I'm not going to define "Dungeons & Dragons" in this entry. That'll have to wait for later, when I have more time to write at length, because it's a complicated question (though not one that defies an answer, despite what the obscurantists will tell you). What I will do, though, is present a small illustration of what D&D was back in 1980 and what it was is something that I both miss and feel is missing from more modern claimants to the name "Dungeons & Dragons."
Here are four pre-generated characters from a module I was re-reading last night, Expedition to the Barrier Peaks. These guys are a nice little window on what D&D once was and what I wish it were again.
Hum Ftr 12, AL N, HP 54, Str 15, Int 14, Wis 12, Dex 13, Con 14, Cha 16, +3 battleaxe, +2 plate mail, +2 shield, ring of fire resistanceThese guys are a snapshot D&D in its most perfect, "real" form, as opposed to an idealized one, which is to say, D&D as it was played at that time, right down to the fighter's having broadly better stats than his companions and more generally useful magic items. This certainly mirrors my own experiences both as a player and as a DM.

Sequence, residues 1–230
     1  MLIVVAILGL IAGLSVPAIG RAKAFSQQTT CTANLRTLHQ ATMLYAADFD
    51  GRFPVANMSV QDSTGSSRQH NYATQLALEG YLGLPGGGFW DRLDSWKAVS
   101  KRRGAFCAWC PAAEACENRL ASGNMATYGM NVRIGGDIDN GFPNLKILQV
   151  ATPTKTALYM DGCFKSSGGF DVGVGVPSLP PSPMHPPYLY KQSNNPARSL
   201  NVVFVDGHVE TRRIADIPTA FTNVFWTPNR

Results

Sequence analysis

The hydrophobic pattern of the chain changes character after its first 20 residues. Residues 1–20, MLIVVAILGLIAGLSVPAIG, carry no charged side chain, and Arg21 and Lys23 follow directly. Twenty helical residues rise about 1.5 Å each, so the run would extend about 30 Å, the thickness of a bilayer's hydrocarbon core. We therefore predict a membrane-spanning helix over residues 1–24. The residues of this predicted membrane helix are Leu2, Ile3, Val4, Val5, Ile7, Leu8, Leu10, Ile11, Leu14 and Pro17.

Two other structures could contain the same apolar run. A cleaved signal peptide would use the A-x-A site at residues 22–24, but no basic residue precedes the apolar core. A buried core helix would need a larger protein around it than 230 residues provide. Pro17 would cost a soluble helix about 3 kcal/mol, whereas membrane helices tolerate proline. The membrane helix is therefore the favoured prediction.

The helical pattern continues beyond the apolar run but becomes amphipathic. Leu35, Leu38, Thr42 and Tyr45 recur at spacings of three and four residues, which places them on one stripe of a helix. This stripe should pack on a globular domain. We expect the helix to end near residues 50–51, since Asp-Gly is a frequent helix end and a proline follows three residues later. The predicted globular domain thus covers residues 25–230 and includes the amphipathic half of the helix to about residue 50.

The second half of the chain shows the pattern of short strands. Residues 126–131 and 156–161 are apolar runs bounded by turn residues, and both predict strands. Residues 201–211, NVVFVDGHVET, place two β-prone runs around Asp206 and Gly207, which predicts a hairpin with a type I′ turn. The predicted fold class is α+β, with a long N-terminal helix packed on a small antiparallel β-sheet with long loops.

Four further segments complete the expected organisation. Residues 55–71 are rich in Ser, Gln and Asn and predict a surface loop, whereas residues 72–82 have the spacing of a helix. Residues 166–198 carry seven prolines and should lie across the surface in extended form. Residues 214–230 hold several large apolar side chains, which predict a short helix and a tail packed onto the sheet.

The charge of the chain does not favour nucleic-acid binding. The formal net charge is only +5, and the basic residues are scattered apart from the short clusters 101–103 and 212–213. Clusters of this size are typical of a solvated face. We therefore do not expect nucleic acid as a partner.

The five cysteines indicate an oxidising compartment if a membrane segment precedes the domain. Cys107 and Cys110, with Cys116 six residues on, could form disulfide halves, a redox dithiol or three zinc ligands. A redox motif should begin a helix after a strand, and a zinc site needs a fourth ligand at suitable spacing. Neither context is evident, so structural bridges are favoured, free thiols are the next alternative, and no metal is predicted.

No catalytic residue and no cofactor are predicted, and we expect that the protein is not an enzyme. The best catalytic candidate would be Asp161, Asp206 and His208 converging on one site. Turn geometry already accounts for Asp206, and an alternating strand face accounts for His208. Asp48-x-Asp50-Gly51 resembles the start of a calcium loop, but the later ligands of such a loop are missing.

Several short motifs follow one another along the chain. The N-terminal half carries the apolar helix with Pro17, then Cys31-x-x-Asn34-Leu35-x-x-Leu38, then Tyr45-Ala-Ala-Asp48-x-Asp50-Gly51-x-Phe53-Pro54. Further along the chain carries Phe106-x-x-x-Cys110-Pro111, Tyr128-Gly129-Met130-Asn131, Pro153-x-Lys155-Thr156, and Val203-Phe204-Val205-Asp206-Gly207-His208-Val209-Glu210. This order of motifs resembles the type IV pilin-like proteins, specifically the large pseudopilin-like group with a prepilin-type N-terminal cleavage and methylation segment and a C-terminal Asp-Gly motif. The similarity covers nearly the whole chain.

Hum MU 11, AL N, HP 27, Str 10, Int 16, Wis 14, Dex 15, Con 14, Cha 14, +2 dagger, gem of seeing, boots of levitation, wand of cold (28 charges)
Hum Cl 10, AL LG, HP 34, Str 12, Int 11, Wis 18, Dex 14, Con 12, Cha 15, +2 mace, staff of striking, ring of protection +3
Human Th 10, AL N, HP 27, Str 10, Int 14, Wis 13, Dex 17, Con 12, Cha 7, +2 sword, bag of holding, cloak of protection +3
Yet, for all that, a 12th-level fighter still only has 54 hit points. Even with his -2 AC, he is nevertheless very vulnerable -- his companions even moreso. Of course "vulnerable" does not mean helpless and, with the gear and class abilities these characters possess, they ought to be able to handle most threats in the module, even the dreaded froghemoth.
I can't yet offer a definitive definition of "D&D," but if you want an illustration of where I'm coming from, I point you to these guys.